Over the years, I’ve worked at many a registration desk at conferences. Afterwards, there’s always a debrief to talk about how to make the process better and faster. There has to be a better mousetrap. Registration always seems to be a bottleneck. My theory is that people meet up in the lobby and all check in together to make the lives of those doing the registration miserable.
Typically, participants get a registration package and a great deal of time and effort goes into nametag or registration package management. By management, we know what that means – putting things into alphabetical order.
Then, the participants approaches the desk and gives you their name. As often as not, they say it very quickly because they’ve used it all their life so you’ll have to have them repeat it and even perhaps spell it out for you! Then, there might be an accent or two…
Once you get the name, then it’s into the collection to find their registration package. Of course, they’ve stood in the right line A-E, F-L, etc. and you don’t have to excuse yourself and dig into another box! If you’re lucky, things stay in alphabetical order for the duration of registration. A big hassle comes when a wife/husband combo using the same last name arrive. You get the first one and then the second person steps forward and you do a re-search for packages!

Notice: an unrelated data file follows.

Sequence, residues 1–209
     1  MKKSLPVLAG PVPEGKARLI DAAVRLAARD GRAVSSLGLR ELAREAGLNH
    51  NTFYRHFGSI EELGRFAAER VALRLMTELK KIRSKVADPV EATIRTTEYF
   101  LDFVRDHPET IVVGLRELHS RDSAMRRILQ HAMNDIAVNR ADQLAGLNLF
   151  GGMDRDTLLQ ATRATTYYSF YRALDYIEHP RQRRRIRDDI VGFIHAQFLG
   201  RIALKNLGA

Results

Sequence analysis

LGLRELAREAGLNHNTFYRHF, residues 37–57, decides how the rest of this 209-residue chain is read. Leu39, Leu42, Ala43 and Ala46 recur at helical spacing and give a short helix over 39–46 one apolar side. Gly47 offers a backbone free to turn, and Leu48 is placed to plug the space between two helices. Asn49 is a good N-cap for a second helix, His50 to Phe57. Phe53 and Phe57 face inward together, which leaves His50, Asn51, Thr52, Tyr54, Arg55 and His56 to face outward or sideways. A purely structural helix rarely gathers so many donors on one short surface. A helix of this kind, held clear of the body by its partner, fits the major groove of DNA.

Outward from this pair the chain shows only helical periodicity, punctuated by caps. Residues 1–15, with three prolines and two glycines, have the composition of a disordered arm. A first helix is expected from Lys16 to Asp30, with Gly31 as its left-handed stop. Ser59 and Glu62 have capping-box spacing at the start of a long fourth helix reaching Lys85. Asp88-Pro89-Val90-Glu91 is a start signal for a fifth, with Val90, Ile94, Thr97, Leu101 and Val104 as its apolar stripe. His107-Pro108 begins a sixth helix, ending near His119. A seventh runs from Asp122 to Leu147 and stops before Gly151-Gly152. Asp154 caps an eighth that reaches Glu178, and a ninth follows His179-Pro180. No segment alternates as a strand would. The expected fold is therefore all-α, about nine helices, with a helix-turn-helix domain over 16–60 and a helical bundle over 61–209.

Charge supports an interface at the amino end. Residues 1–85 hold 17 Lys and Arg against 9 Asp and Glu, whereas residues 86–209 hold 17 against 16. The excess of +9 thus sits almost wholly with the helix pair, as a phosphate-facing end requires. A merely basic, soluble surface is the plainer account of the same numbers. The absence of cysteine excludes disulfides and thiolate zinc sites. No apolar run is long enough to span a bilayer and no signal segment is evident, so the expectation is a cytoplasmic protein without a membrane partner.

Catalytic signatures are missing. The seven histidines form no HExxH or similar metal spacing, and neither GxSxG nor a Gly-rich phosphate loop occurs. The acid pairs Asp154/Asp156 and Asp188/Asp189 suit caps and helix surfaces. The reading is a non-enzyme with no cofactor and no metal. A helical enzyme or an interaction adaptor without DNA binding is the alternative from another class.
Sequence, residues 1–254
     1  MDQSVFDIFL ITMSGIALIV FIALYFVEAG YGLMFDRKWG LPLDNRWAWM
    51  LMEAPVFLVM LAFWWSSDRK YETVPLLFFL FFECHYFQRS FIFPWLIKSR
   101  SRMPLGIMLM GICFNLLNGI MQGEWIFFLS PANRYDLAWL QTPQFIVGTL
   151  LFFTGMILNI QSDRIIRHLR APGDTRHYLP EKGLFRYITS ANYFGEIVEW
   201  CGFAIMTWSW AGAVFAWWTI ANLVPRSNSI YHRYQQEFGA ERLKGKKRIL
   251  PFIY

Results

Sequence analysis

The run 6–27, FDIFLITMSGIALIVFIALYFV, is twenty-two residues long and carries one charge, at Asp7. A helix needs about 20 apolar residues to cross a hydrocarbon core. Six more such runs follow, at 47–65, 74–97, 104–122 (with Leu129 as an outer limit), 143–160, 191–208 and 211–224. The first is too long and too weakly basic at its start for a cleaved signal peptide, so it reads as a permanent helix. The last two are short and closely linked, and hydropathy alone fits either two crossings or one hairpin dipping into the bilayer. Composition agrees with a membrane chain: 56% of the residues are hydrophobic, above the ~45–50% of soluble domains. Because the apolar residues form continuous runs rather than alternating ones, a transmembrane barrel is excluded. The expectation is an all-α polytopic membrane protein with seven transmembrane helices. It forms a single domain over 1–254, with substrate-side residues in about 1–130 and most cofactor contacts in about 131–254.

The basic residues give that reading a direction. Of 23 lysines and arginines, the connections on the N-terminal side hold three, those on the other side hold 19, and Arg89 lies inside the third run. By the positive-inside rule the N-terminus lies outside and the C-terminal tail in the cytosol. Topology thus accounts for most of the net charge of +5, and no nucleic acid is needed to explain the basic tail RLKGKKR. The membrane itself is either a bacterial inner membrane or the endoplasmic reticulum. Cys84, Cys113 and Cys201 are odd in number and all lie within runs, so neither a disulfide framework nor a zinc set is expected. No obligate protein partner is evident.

At the CSTA Conference, we used electronic registration. It was really slick. We had 4 iPads for registrant use and two printers. On the iPad, they just had to find themselves by tapping their name, make sure details were correct and tap print. As you can see in the video below, registration can be done in 13 seconds!
Wife/husband combo? No problem. In computer terms, it didn’t even require serial registration; they could do it in parallel with side by side iPads.
In retrospect, there were slowdowns but it wasn’t because of the registration. It was reconnecting with people and taking the time to walk back to the table holding the registration bags. We worked on many variations to try to speed things up.
The most comment question “Is that it?”
It was nice to just say “Yep”.